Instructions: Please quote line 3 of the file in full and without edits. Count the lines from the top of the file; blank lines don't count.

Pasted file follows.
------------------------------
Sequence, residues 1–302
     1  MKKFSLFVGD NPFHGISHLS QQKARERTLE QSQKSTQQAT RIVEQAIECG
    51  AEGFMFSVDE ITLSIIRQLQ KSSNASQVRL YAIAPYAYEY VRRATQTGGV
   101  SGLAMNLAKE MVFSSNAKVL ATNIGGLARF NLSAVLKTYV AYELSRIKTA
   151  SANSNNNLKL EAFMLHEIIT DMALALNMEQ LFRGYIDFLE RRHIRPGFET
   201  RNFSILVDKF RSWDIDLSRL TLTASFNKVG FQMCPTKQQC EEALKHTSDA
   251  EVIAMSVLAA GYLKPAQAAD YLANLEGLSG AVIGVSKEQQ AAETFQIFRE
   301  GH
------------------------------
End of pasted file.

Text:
    51  AEGFMFSVDE ITLSIIRQLQ KSSNASQVRL YAIAPYAYEY VRRATQTGGV